Definition:Golden Mean/Historical Note

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Historical Note on Golden Mean

The Egyptians knew about the golden mean. It was referred to in the Rhind Papyrus as sacred.

The heights of the Great Pyramids of Gizeh are almost exactly $\phi$ of half the lengths of their bases.

It is believed that the Ancient Greeks used $\phi$ in their architecture, but there is no extant documentary evidence of this.

Surprisingly, they had no short term for this concept, merely referring to it as the section.

The Renaissance artists exploited it and called it the Divine Proportion.

Fra Luca Pacioli discussed it in his book De Divina Proportione.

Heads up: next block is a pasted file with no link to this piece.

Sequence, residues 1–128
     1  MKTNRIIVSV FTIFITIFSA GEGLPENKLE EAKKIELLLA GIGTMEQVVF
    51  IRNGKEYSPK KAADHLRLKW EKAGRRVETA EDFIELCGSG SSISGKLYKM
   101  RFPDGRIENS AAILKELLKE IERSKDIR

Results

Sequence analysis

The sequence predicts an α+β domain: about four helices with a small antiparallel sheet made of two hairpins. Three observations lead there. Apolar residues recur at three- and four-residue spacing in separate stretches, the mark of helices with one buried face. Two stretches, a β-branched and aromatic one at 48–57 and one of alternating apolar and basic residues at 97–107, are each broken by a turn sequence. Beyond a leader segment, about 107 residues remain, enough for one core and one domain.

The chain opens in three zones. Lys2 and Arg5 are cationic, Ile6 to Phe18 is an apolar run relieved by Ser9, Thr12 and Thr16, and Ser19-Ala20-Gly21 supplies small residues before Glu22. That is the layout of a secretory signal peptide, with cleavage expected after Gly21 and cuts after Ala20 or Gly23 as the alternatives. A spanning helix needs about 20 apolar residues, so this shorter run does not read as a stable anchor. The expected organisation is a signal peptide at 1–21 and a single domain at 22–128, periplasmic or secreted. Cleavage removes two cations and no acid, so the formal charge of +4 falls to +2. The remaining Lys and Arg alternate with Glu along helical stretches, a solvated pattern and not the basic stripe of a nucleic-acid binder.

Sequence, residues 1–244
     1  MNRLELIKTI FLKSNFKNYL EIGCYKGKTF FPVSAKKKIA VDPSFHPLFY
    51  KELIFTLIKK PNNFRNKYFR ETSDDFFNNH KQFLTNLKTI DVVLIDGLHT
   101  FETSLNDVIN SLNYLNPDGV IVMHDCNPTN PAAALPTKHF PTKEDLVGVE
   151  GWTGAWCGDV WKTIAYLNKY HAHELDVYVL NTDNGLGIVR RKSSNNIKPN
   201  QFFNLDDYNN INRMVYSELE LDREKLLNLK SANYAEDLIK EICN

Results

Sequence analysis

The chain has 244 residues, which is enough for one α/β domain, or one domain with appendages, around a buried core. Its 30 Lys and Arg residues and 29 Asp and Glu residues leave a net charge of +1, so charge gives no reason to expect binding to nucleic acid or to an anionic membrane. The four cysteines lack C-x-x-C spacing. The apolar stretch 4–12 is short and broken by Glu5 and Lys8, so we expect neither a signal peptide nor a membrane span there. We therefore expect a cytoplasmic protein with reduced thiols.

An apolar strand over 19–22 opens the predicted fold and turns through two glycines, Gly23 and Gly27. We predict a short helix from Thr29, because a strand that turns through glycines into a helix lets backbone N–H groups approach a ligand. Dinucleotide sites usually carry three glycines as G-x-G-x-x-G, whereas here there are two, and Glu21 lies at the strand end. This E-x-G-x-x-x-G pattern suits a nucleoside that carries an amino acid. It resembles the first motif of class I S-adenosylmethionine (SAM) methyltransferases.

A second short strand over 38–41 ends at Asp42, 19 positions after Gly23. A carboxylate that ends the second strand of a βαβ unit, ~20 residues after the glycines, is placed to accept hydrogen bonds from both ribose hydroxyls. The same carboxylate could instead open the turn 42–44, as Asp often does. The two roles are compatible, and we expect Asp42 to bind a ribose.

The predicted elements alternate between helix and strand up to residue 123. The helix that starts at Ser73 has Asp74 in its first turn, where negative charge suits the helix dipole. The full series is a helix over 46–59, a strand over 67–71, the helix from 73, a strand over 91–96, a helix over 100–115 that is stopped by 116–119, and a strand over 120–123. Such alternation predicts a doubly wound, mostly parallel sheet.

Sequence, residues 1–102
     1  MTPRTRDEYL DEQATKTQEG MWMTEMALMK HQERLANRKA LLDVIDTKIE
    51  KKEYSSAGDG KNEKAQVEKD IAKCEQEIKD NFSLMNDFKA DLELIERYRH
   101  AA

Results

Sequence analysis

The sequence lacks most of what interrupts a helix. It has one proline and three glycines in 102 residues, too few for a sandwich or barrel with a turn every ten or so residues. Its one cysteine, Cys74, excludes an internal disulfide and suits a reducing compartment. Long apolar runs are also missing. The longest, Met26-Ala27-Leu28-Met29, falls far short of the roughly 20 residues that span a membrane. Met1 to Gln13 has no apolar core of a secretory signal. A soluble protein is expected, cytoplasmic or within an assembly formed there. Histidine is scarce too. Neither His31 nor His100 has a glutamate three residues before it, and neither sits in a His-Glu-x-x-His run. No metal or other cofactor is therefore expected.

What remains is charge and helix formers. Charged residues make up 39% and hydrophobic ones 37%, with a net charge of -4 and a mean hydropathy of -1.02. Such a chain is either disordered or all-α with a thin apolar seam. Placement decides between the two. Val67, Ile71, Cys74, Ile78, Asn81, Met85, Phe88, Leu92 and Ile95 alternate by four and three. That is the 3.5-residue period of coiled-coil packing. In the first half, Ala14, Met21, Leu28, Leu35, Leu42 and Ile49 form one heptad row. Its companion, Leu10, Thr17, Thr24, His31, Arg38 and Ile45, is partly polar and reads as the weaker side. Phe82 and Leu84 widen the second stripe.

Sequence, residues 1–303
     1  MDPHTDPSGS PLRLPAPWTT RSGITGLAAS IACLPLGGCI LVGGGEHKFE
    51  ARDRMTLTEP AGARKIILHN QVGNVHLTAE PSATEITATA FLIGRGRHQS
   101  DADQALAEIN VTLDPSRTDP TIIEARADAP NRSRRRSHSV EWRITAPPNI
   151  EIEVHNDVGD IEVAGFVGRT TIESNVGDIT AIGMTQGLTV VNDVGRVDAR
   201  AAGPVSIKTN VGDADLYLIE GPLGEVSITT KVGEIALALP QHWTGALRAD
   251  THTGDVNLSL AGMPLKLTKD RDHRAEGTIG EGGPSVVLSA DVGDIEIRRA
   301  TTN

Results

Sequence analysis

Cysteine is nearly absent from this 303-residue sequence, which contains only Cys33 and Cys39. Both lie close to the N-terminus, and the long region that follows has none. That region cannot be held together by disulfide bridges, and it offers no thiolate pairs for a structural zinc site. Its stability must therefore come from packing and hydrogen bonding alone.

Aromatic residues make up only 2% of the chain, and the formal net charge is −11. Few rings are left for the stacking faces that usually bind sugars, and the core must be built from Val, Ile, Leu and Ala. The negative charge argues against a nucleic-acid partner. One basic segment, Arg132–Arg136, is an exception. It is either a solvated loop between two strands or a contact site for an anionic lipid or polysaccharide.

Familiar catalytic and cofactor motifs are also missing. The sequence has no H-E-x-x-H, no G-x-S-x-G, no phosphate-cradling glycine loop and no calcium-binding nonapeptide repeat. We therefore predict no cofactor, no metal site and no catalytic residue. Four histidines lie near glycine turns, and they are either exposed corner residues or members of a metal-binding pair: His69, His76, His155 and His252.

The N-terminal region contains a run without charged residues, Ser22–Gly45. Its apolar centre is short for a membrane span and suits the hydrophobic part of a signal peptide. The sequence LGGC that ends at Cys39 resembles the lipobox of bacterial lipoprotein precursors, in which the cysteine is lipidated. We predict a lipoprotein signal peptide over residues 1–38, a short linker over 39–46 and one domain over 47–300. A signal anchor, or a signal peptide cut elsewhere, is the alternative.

The first occcurrence of the term sectio aurea ("golden section") was probably by Leonardo da Vinci.

Mark Barr coined the use of the uppercase Greek letter $\Phi$ (phi) for the golden mean, originating from the Greek artist Phidias, who was said to have used it as a basis for calculating proportions in his sculpture.

Its companion value $\dfrac 1 \Phi = \Phi - 1$ was given the lowercase version $\phi$ or $\varphi$.

However, this convention is far from universal, and the larger value $1 \cdot 618 \ldots$ is usually denoted $\phi$.

It is said to produce the most pleasing proportions, and as a consequence many artists have used this ratio in their works.

A famous (or infamous, depending on how much reading you have done around the subject) article by George Markowsky attempts to debunks a number of myths surrounding the number.